image EL_L4_58_Fig
Image number: RS.15815
Credit: ©The Royal Society

Periosteum and how the membrane and bone are connected


20 November 1720


John Sturt (1658-1730, British), Engraver

Object type

Archive reference number

Manuscript page number




height (page): 205mm
width (page): 270mm



Seven engraved images. Original drawings can be found in Letter Book 15 (LBO/15/231). The printed images are cut out of plate 2 from Philosophical Transactions of the Royal Society, vol. 31, no. 366 (1721). Leeuwenhoek had the images drawn for him. The copper plate for the Philosophical Transactions was engraved by John Sturt (signature on plate).

Letter by Antoni van Leeuwenhoek to the Royal Society, in which he is trying to determine how the periosteum was joined to the vessels that compose the bones. The periosteum is the membrane enveloping the bones where no cartilage is present.

Fig. 1: Periosteum, or bone membrane of a cow, sheep or calf.
Fig. 2: the same bit of bone and membrane, but then cut in the length, showing all the vessels in the tissue as dots.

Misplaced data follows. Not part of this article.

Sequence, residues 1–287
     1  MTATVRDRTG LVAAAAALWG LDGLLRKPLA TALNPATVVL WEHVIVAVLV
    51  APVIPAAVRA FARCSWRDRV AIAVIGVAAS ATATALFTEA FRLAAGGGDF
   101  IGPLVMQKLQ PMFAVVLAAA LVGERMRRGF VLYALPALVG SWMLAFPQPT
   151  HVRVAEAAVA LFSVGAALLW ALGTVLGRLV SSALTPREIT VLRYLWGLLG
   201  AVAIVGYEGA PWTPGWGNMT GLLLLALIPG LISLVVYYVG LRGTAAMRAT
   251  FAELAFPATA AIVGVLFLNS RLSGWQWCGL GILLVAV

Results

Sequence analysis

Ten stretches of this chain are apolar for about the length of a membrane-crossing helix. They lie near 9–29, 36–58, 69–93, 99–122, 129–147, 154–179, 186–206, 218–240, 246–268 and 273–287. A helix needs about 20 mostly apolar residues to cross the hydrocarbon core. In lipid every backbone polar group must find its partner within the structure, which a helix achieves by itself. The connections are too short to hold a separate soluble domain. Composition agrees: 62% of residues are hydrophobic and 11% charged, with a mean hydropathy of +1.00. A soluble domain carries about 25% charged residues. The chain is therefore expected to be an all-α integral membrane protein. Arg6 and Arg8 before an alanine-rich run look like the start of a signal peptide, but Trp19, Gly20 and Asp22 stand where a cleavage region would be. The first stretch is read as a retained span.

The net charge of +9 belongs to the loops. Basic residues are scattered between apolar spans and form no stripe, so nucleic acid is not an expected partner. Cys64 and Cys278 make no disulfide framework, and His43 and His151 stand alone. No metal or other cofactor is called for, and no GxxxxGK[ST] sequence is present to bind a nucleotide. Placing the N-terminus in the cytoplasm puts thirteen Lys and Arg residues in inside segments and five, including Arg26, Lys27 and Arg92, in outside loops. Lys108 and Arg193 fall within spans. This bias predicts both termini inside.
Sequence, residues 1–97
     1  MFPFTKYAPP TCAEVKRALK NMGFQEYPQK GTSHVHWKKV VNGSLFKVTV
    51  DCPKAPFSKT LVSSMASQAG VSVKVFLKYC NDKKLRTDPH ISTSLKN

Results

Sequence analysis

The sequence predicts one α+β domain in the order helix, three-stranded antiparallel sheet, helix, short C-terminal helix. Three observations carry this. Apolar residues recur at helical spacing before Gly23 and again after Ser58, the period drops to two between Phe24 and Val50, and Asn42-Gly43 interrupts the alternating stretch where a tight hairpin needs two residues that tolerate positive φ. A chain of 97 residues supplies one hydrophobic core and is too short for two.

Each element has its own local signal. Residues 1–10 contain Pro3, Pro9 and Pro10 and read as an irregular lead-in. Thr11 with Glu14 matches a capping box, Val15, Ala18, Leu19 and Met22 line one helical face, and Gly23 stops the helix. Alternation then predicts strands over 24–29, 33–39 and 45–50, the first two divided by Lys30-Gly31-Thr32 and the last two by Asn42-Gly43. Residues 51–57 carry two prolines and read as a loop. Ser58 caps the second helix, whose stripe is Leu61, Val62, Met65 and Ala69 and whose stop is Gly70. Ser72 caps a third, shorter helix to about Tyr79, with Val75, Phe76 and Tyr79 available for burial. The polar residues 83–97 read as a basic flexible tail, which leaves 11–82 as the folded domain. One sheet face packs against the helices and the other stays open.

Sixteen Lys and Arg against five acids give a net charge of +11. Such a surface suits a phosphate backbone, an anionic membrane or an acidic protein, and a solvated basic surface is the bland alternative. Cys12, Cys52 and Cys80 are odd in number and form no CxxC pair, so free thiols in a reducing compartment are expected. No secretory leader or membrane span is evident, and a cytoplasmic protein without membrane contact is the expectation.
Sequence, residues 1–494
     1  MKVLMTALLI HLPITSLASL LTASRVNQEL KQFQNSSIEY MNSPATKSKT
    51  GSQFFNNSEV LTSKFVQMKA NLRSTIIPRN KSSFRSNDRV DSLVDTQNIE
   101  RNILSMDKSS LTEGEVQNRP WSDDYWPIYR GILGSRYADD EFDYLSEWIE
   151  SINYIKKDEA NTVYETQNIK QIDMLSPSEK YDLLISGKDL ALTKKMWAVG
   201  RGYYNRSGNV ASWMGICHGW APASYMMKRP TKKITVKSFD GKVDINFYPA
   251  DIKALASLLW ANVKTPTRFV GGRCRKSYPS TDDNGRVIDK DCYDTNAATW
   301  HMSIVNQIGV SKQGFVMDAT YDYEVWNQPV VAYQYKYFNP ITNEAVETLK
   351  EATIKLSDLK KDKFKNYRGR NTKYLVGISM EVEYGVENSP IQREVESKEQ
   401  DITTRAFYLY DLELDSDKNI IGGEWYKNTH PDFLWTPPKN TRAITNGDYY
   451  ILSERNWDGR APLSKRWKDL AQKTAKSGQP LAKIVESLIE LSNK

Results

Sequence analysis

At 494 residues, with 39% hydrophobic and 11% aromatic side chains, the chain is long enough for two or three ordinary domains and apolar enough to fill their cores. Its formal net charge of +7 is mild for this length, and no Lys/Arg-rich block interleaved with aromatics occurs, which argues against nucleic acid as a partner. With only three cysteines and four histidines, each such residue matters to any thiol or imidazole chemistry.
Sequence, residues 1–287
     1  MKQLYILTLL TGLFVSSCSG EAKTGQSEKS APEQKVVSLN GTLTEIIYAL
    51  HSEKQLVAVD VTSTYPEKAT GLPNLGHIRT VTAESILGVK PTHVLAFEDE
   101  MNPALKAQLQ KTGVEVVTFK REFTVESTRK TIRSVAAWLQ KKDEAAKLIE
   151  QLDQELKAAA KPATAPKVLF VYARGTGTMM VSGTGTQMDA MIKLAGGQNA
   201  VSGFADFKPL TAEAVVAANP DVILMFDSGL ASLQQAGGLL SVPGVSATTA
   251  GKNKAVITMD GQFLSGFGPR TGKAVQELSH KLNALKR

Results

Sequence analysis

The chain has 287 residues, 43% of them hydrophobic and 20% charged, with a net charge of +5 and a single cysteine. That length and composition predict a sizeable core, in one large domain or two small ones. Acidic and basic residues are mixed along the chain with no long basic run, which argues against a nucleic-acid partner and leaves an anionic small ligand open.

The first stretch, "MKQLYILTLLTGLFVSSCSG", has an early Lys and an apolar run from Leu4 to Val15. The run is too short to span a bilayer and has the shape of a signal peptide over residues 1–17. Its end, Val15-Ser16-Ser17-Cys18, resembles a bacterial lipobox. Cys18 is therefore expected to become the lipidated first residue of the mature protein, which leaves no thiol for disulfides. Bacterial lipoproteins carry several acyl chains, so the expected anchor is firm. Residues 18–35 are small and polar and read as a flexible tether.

Fig. 3: a small bit of bone (RSTV) with membrane (SWXT), which is not thicker than the hair on a man's chin.
Fig. 4: a piece of bone of the rib of a cow with flesh, cut sectionally. YZAB shows the membrane, ZCDA the flesh fibres.
Fig. 5: a bit of the rib bone of a cow, where the bone membrane and the bone are still partly connected between K and C.
Figs 6 & 7: circumferences of the bone from which the membrane has been taken off.

Object history

Figures printed in A. Leeuwenhoek, 'Observations upon the Bones and the Periosteum', Phil. Trans. vol. 31, no. 366 (1721), pp. 91-97.

Related Fellows

Antoni van Leeuwenhoek (1632-1723, Dutch), Naturalist

Associated place

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